BabyBlue wrote:I have not heard of WFF Cash on Demand Account, but we have a WFF/Mattress Card (we bought 3 mattresses during one visit and they gave us 0% APR for 12 months). Our Mattress Card was reported as a revolving account. I am not sure if that will be helpful, though, since it is a totally different type of account.If you don't get any responses on the forum, I would call their CS and ask. Never hurts.
Logical wrote:TC lists it as "credit card." On CS Ex has "credit card" Eq has "revolving or option" TU has "revolving account." Read the fine print. I think getting future withdrawals are rather expensive (although I should dig out the agreement to confirm) I needed the money at the time and it was the best option. I do not plan on tapping it again. If you need the money go for it. If you don't . . . maybe not.
I have a Wells Fargo Cash On Demand Account ( $7,000 Limit ). Basically, its a personal loan that they issue you via an ATM Card.
However, what I like about it is that they don't give you a check for the amount that you are borrowing which instantly putting you into debt for whatever your credit limit is and then having monthly revolving payments.
Basically, when you want to access cash you just go to any ATM and withdrawl it. Be careful, if you don't use a Wells Fargo ATM you will get charged an ATM fee. Be advised, each time you do withdrawl cash you will be charged 3% of the your withdrawl.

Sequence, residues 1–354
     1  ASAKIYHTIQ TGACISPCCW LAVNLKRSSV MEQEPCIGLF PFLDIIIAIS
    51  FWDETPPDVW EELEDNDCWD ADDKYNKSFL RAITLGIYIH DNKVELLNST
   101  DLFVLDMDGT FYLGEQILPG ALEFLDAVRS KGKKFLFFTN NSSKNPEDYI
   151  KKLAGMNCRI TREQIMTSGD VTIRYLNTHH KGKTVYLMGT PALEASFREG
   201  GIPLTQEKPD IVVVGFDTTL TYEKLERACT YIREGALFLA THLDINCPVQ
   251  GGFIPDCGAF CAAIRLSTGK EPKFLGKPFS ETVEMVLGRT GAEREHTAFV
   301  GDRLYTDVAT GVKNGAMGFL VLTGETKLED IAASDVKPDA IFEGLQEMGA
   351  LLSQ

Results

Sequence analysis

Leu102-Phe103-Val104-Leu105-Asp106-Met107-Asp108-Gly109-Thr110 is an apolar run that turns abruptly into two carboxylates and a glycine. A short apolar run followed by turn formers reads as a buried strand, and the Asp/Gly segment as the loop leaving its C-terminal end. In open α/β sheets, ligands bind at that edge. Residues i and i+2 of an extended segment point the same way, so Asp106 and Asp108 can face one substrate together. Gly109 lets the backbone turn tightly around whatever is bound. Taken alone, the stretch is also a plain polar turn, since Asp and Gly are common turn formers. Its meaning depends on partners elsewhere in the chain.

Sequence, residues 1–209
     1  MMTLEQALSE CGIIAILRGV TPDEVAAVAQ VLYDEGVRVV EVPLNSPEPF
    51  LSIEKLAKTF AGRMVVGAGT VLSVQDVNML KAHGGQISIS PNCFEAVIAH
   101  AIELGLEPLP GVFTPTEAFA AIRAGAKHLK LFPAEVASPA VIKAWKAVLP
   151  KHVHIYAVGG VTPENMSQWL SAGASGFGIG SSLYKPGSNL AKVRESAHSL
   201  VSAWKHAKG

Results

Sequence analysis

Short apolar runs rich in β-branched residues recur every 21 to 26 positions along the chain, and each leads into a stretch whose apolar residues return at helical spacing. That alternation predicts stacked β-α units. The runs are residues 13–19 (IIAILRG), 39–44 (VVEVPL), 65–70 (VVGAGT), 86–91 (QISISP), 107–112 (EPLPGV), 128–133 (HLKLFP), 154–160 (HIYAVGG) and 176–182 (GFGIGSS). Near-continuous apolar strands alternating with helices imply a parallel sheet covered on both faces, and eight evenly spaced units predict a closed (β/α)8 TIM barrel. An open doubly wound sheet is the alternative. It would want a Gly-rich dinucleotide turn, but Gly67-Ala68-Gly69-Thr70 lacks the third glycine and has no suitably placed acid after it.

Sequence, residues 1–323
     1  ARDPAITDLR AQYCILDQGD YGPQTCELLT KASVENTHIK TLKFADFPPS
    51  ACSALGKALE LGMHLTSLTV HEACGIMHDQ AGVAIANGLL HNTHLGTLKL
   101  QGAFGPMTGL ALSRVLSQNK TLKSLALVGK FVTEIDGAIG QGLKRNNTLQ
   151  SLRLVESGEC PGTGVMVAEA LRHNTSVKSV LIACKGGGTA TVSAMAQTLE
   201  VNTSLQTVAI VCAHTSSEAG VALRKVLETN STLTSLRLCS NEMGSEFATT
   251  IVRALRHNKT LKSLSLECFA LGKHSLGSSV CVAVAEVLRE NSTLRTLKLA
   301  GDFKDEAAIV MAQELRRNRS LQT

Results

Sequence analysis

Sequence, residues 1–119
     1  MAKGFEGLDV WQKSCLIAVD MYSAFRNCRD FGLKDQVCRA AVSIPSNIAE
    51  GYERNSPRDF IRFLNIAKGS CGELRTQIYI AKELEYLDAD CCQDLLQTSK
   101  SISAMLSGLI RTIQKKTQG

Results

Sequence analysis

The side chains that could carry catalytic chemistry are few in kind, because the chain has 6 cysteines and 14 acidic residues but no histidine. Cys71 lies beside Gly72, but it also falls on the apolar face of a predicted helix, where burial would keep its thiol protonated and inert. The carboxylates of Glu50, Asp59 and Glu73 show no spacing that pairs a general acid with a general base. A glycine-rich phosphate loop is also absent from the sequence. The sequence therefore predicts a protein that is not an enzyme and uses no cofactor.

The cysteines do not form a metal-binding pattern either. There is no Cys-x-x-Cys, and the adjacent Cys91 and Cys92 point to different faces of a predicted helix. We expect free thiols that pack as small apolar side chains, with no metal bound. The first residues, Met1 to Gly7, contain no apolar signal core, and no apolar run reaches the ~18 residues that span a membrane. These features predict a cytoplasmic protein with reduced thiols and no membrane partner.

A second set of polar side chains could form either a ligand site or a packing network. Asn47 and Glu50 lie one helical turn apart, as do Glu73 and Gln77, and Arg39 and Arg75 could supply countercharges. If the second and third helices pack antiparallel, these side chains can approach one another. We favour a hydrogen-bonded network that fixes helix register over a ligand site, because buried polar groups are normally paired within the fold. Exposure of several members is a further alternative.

You can also access cash by calling them and asking them to deposit available funds for your credit limit to your checking account. This is for large amounts such as $1,000. You obviously can't withdrawl $1,000 from an ATM. Again, you will be charged 3% but by having them do it it can take a few days.
They also have access checks that you can request and use but again remember the 3% fee.
This card comes with a very high APR ... we are talking probably in the high 20% which is the reason why I don't use it much but I do like knowing that I have $7,000 available to me.
I used it about 2 months ago ( $500 withdrawl ) to help defray the cost of my getting a new garage door ( $890 ) but I had no choice as my old door was practically falling apart and could have damaged my vehicle or killed somebody should it have decided to fall at any time.
Bottomline, this card is worth it, just be careful and don't get too high of a balance because it can take forever paying it off with the high APR.
How is this different than a Balance transfer? I could have Citibank put up to $11.3K directly into my bank account and pay either 0% until March 09, or 4.99% until it's paid off (BT fee is 3%, max of $99).
I personally took the $11.5K at 3.99% from Chase (3% BT fee, max of $75) to pay off my 9.24% car loan, but I'm still waiting for the check (since October 1), so its not really "on demand," you need to plan it out.